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Current and Future of Microlensing Exoplanet Search
Sumi, Takahiro
AA(Department of Earth and Space Science, Graduate School of Science, Osaka University, Toyonaka, Osaka 560-0043, Japan, )
Formation, Detection, and Characterization of Extrasolar Habitable Planets, Proceedings of the International Astronomical Union, IAU Symposium, Volume 293, pp. 10-19
Publication Date:
planetary systems: formation, gravitational microlensing
Abstract Copyright:
(c) 2014: Copyright © International Astronomical Union 2014
Bibliographic Code:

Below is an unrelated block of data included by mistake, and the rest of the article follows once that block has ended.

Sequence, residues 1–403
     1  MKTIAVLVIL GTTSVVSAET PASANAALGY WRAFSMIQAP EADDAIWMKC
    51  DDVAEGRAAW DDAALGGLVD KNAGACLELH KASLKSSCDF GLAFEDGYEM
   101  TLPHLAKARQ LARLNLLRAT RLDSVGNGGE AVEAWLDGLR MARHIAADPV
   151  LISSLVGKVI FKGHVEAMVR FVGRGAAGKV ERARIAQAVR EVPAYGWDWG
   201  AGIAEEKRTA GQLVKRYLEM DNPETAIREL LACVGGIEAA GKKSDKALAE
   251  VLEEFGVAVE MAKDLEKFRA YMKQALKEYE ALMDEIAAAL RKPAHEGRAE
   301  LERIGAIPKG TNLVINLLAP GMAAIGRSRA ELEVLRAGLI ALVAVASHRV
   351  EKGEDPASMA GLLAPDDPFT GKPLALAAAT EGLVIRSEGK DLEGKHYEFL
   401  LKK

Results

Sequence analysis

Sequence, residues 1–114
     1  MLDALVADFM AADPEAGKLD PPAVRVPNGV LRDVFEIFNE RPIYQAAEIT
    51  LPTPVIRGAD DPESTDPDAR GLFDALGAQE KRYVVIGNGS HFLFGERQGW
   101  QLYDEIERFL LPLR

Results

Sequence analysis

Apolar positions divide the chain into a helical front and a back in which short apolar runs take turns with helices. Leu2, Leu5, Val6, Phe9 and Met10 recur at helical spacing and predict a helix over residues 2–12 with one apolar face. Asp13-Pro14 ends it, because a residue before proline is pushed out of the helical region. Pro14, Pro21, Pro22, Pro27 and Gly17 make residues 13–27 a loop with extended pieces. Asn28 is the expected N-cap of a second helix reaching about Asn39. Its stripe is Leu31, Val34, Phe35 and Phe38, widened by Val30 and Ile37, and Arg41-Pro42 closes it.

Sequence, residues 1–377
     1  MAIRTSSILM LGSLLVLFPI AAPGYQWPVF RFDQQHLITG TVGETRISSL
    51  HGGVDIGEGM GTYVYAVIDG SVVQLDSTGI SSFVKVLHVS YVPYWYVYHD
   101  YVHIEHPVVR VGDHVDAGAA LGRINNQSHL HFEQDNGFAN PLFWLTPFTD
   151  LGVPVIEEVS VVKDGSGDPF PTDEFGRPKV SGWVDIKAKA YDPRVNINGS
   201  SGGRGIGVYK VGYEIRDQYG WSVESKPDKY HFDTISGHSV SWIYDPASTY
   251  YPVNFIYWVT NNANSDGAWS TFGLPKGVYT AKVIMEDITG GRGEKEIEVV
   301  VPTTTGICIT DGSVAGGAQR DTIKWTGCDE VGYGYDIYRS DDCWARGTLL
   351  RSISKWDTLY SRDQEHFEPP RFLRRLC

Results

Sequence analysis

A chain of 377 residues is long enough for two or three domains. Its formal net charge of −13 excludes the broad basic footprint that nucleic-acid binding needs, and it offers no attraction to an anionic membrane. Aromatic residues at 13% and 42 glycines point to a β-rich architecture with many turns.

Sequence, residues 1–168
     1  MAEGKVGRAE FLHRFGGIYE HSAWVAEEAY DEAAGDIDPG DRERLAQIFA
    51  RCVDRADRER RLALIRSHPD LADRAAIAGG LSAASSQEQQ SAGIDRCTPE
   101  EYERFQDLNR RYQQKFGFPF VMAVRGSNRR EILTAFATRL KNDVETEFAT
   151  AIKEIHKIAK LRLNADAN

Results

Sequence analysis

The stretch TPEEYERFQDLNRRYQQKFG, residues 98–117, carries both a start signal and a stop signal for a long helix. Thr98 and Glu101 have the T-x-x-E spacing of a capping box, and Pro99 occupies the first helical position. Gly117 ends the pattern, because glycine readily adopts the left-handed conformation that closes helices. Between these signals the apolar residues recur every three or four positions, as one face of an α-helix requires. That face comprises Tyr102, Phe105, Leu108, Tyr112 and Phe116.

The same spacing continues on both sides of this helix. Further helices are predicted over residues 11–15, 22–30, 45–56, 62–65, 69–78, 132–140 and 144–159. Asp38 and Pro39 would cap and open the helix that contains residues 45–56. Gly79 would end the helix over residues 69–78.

Gravitational microlensing has a unique sensitivity to exoplanets at outside of the snow-line with masses down to the Earth-mass. Because of the rarity and short timescale of the planetary signal, the survey groups, MOA-II in New Zealand and OGLE-IV in Chile carry out the wide field survey observation towards the galactic bulge to issue alerts in real time. Then telescopes of the follow-up groups conduct high cadence follow-up observation to get dense sampling of the short planetary signal. Recent high cadence survey observations by MOA-II and OGLE-IV have started to find exoplanets without follow-up observation systematically. This is a transition to the next generation 24-hour high cadence survey network which can reveal the mass function of exoplanets down to Earth-mass outside of the snow-line. The Wide Field Infrared Survey Telescope (WFIRST) is the highest ranked recommendation for a large space mission in the recent New Worlds, New Horizons (NWNH) in Astronomy and Astrophysics 2010 Decadal Survey. Exoplanet microlensing program is one of the primary science of WFIRST. WFIRST will find about 2,000 bound planets and 1,000 unbound planets by the high precision continuous survey with 15 min. cadence. WFIRST can complete the statistical census of planetary systems in the Galaxy, from the outer habitable zone to gravitationally unbound planets - a discovery space inaccessible to other exoplanet detection techniques.

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